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Middle East expert Steven Cook discusses Egypt and the future of the "Arab Spring" at Vassar on October 4, 2011.

POUGHKEEPSIE, NY—The Gillespie Forum and the World Affairs Council of the Mid-Hudson Valley will present a lecture by Vassar alumnus Steven Cook '90, the Hasib J. Sabbagh Senior Fellow for Middle Eastern Studies at the Council of Foreign Relations (CFR) on Tuesday, October 4. Cook will discuss "Egypt and the Future of the 'Arab Spring.'" This program is co-sponsored by Vassar's Department of Political Science and the International Studies Program. Free and open to the public, the lecture will begin at 7:30pm in the Villard Room, located on the second floor of Vassar's historic Main Building. 

In an article posted on 20 September 2011 in Foreign Policy ("Egypts Identity Crisis"), Cook noted that: "Beyond the "hopes dashed" narrative . . . Egypt's seemingly tortured present actually reveals something relatively healthy -- the normalization of politics." In his lecture at Vassar he will share his observations of Egypt, the Mid East, and the future of the "Arab Spring." 

Cook is an expert on Arab and Turkish politics as well as U.S.-Middle East policy. Cook's most recent book, The Struggle for Egypt: From Nasser to Tahrir Square (Oxford University Press, Fall 2011), was described by Daniel Kurtzer, a professor at Princeton University and former U.S. Ambassador to Egypt and Israel, as: "A sweeping history of modern Egypt, this timely book will appeal to foreign policy professionals, academics and the general public. It is a reliable single source for understanding the flow and complexities of Egyptian politics, especially since the 1952 revolution." He also is the author of Ruling But Not Governing: The Military and Political Development in Egypt, Algeria, and Turkey (Johns Hopkins University Press, 2007). In addition, he has published widely in a variety of foreign policy journals, opinion magazines, and newspapers including Foreign AffairsForeign PolicyWall Street JournalJournal of DemocracyThe Weekly StandardSlate, and The New Republic as well as online for the New York TimesWashington PostFinancial TimesInternational Herald Tribune, and Survival. Cook is also a frequent commentator on radio and television. He currently writes the blog, “From the Potomac to the Euphrates” ( http://blogs.cfr.org/cook/), which includes observations from his current trip to Egypt.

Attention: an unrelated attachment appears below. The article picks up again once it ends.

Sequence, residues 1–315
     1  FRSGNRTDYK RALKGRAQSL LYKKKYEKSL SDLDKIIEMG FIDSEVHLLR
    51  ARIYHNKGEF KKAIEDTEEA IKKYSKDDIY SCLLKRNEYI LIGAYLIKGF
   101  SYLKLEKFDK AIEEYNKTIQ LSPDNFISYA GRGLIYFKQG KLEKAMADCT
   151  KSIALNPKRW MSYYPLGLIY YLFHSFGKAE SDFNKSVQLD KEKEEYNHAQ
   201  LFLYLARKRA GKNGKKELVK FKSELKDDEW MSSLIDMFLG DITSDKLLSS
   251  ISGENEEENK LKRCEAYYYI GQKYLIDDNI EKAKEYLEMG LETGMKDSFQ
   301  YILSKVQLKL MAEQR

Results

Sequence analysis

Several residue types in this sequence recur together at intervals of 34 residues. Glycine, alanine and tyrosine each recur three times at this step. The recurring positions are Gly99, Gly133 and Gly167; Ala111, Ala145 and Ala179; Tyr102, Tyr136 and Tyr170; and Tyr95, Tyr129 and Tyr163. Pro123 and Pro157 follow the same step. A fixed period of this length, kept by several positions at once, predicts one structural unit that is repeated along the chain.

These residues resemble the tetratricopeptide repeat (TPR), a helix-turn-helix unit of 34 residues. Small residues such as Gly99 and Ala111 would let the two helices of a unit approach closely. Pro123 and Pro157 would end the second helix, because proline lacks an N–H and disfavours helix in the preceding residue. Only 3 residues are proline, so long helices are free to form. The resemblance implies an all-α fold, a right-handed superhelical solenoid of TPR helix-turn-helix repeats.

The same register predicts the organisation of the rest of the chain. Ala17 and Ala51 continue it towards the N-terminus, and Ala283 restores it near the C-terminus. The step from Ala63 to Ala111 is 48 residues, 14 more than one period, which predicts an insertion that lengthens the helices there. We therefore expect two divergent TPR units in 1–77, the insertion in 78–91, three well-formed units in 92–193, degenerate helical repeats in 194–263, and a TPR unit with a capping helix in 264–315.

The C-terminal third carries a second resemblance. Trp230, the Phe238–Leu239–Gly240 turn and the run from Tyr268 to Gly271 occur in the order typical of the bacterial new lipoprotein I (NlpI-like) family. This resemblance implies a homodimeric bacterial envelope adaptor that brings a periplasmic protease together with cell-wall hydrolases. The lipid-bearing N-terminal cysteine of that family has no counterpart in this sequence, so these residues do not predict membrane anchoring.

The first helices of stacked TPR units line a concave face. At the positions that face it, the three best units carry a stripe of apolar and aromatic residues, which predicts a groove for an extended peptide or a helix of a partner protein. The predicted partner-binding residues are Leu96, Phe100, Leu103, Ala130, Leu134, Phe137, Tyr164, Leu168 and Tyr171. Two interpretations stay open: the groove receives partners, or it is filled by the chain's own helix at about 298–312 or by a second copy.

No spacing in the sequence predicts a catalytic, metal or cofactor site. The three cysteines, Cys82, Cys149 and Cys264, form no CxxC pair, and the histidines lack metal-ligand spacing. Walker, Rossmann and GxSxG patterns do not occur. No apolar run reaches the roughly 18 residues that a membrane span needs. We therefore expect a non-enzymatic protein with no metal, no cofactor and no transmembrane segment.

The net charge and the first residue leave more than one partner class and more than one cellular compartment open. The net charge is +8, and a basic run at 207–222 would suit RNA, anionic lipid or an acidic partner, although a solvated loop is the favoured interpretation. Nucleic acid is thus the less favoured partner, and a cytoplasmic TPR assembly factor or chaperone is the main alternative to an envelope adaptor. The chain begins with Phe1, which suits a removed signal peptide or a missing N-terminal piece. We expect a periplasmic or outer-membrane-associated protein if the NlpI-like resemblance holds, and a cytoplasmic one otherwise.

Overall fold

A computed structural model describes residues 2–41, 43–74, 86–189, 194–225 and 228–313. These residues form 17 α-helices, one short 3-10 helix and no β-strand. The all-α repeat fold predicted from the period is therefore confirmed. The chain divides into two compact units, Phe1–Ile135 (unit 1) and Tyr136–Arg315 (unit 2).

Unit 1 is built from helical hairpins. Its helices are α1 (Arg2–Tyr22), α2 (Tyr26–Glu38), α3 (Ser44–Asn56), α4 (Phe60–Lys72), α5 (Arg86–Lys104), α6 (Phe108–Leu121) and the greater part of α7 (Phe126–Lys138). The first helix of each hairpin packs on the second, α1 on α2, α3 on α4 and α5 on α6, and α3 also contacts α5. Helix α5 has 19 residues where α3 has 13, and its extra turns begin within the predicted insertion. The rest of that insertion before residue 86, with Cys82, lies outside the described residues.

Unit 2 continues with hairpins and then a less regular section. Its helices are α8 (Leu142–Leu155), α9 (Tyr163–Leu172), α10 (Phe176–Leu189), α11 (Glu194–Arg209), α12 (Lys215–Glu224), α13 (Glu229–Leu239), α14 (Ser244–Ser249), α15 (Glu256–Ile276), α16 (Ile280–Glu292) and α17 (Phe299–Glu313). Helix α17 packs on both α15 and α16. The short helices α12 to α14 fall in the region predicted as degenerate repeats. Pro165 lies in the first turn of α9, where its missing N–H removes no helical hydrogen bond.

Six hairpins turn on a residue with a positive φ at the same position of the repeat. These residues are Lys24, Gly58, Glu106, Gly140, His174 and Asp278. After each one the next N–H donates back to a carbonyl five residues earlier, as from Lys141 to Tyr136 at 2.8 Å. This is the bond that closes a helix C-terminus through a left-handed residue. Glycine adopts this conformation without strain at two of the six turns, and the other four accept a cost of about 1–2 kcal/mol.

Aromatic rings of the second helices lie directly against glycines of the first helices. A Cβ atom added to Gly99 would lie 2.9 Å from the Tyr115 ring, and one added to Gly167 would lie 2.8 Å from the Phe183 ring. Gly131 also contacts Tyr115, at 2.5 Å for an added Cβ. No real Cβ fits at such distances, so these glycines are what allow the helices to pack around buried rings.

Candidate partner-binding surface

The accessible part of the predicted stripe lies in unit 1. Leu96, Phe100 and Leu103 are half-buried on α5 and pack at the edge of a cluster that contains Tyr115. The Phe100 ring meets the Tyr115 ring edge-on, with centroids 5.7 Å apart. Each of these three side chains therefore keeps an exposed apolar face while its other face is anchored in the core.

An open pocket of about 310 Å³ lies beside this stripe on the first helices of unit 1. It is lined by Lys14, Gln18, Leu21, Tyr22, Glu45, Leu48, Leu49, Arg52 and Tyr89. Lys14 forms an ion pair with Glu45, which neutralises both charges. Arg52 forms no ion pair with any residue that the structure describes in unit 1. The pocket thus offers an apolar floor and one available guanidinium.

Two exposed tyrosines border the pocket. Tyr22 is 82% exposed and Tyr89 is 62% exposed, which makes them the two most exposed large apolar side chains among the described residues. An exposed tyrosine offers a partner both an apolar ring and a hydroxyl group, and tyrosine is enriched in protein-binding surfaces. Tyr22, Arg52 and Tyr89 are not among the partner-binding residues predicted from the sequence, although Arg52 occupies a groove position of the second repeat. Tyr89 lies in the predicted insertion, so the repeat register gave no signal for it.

Prior to joining CFR, Cook was a research fellow at the Brookings Institution (2001–2002) and a Soref research fellow at the Washington Institute for Near East Policy (1995–96). He holds a BA degree in international studies from Vassar College, an MA in international relations from the Johns Hopkins School of Advanced International Studies, and both an MA and PhD in political science from the University of Pennsylvania. Cook speaks Arabic and Turkish and reads French. 

About the Sponsors:

The Gillespie Forum was founded in 1988 by June Gillespie in memory of her husband Aaron Gillespie. Its mission is to inform and engage the community by presenting viewpoints, programs, and speakers on significant issues. The Forum cooperates with local colleges and organizations to host events, lectures and film screenings on diverse topics ranging from the crisis in contemporary media to the Holocaust, and from Franklin and Eleanor Roosevelt to terrorism (http://www.gillespieforum.org/).

The World Affairs Council of the Mid-Hudson Valley offers non-partisan information and educational opportunities to promote citizen understanding and participation in world affairs. The Council is particularly committed to reaching high school and college youth through school outreach, collaborative programming, and internships. They offer a series of lectures in the fall and spring at college campuses in the Mid-Hudson Valley (http://www.hvworldaffairscouncil.org/).

The Department of Political Science offers a major in political science and correlate sequences (minors) in each of the four principal subfields of the discipline: American politics, comparative politics, international politics, and political theory. Vassar graduates with degrees in political science pursue careers in numerous areas, including politics, government, public administration, law, journalism, education, filmmaking, business, and finance. Many work for nongovernmental organizations concerned with particular social, political, and economic issues (http://politicalscience.vassar.edu).

Individuals with disabilities requiring accommodations at Vassar should contact the Office of Campus Activities at (845) 437-5370. Without sufficient notice, appropriate space and/or assistance may not be available. Directions to the Vassar campus are available at www.vassar.edu/directions.

Vassar College is a highly selective, coeducational, independent, residential liberal arts college founded in 1861. 

Posted by Office of Communications Tuesday, September 20, 2011